Tuesday, November 17, 2015
By: Tom Gitaa
BROOKLYN CENTER, Minn. – There was not a single empty seat inside the Kenyan Community SDA Church on the day the Kenyan-American community in the United States came to say goodbye to Henry Gichaba. Robbinsdale police, responding to a welfare check call found him dead in his apartment where he lived alone the morning of November 3.
He was 51.
On Sunday, all the pews were filled with Gichaba’s family, friends and others who just knew of him through his writings. Those who came in later had to follow the proceedings from the vestibule as the ushers declared the main sanctuary full.
AВ Kenyan’s death in Minnesota, when you exclude the elderly that travel here from Kenya for treatment, still remains a rare occurrence which serves to bring the community together.
A procession of his extended family, most from other states such as Texas and North Carolina, barely holding back tears, went on to describe their lives growing up with Gichaba in Kenya and during his stay in America.
Gichaba is survived by his two children, Trevor, a sophomore at Morehouse College and Tyler who is in middle school and his wife Jackie. The three traveled from North Carolina where they live.
One by one, and sometimes in pairs, they went on stage to describe the Gichaba they knew. Most were stoic as they gave tribute but some needed support to get through as emotions overwhelmed them.
Just below the stage where they were giving tributes was Gichaba’s open casket, surrounded by wreaths and a blown up photo of him.
“Henry was an intelligent man,” one relative said. “He always encouraged us to be strong in the face of adversity.”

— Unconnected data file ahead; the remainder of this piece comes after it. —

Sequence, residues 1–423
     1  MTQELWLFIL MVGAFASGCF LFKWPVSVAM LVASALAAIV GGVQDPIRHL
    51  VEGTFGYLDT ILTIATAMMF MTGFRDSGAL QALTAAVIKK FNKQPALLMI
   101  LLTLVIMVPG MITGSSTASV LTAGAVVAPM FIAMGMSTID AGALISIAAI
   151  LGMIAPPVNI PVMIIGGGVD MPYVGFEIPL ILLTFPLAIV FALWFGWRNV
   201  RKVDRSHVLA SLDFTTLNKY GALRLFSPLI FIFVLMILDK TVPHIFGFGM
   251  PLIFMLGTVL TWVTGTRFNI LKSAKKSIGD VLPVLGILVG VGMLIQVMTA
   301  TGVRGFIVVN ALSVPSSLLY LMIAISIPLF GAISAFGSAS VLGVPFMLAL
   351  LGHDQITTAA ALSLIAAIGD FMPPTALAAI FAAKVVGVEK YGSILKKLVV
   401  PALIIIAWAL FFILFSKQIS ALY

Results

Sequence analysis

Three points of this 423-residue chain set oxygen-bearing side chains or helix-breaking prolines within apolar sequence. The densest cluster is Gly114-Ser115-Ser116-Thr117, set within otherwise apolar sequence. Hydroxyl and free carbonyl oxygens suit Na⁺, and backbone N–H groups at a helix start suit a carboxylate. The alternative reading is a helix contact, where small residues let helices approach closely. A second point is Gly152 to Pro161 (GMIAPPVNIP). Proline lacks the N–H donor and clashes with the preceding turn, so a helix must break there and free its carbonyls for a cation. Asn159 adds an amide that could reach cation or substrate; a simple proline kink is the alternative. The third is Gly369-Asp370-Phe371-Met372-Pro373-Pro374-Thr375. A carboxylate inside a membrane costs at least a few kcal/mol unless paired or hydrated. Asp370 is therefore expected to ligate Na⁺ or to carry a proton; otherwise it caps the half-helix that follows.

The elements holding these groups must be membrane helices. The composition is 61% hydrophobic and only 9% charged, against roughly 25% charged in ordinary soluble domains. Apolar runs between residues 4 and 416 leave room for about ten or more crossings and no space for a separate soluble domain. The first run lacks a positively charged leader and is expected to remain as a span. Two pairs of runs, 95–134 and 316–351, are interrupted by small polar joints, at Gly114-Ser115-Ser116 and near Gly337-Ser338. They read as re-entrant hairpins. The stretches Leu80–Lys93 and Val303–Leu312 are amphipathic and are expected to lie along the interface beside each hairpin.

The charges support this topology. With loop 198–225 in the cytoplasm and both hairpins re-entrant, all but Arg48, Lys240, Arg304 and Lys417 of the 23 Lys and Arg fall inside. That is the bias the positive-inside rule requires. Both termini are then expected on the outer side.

One relative described how Gichaba could smile through adversity. “He always had time for us,” another one said.
Gichaba’s accomplishments as a public intellectual were also brought up in the remembrances by relatives. One narrated how the late Gichaba helped him with a thesis paper, a task that seemed effortless on his part.
Gichaba’s cousin, Geoffrey Gichana, said that politics was a passion that he shared with his departed cousin. “We did not always agree, but he was a mentor nonetheless.” “In that sense, I will miss him,” he said. Gichana, a leader in his own right as president of the influential Mwanyagetinge organization, displaying the opportunism of a politician, wasted little time in taking advantage of the rare large audience the memorial service provided to advance a pet topic of his. He implored Minnesota Kenyans to have the same level of engagement with other important community initiatives that do not involve fundraising for funeral expenses. On a weekly, sometimes daily basis, Kenyan online and offline diaspora groups are filled with solicitations for funeral expenses for dead relatives either in Kenya or somewhere around the world. Gichana and other Minnesota Kenyan leaders have been working for some time to channel the energy and resources to other initiatives for the community that will allow it to carry its weight in Minnesota as the fourth largest African community after the Somalis, Ethiopians and Liberians.
The already somber mood got even more so when his wife and sons came up on stage to eulogize Gichaba. The older son spoke first followed by the mother. “He was the smartest person I ever knew and he loved his family very much,” oldest son Trevor said. “And he always provided for us.”
“He loved his boys so much,” Mrs. Gichaba said as she started to tear up, “he was a good father.” She pledged to continue raising her sons to continue the deceased’s legacy.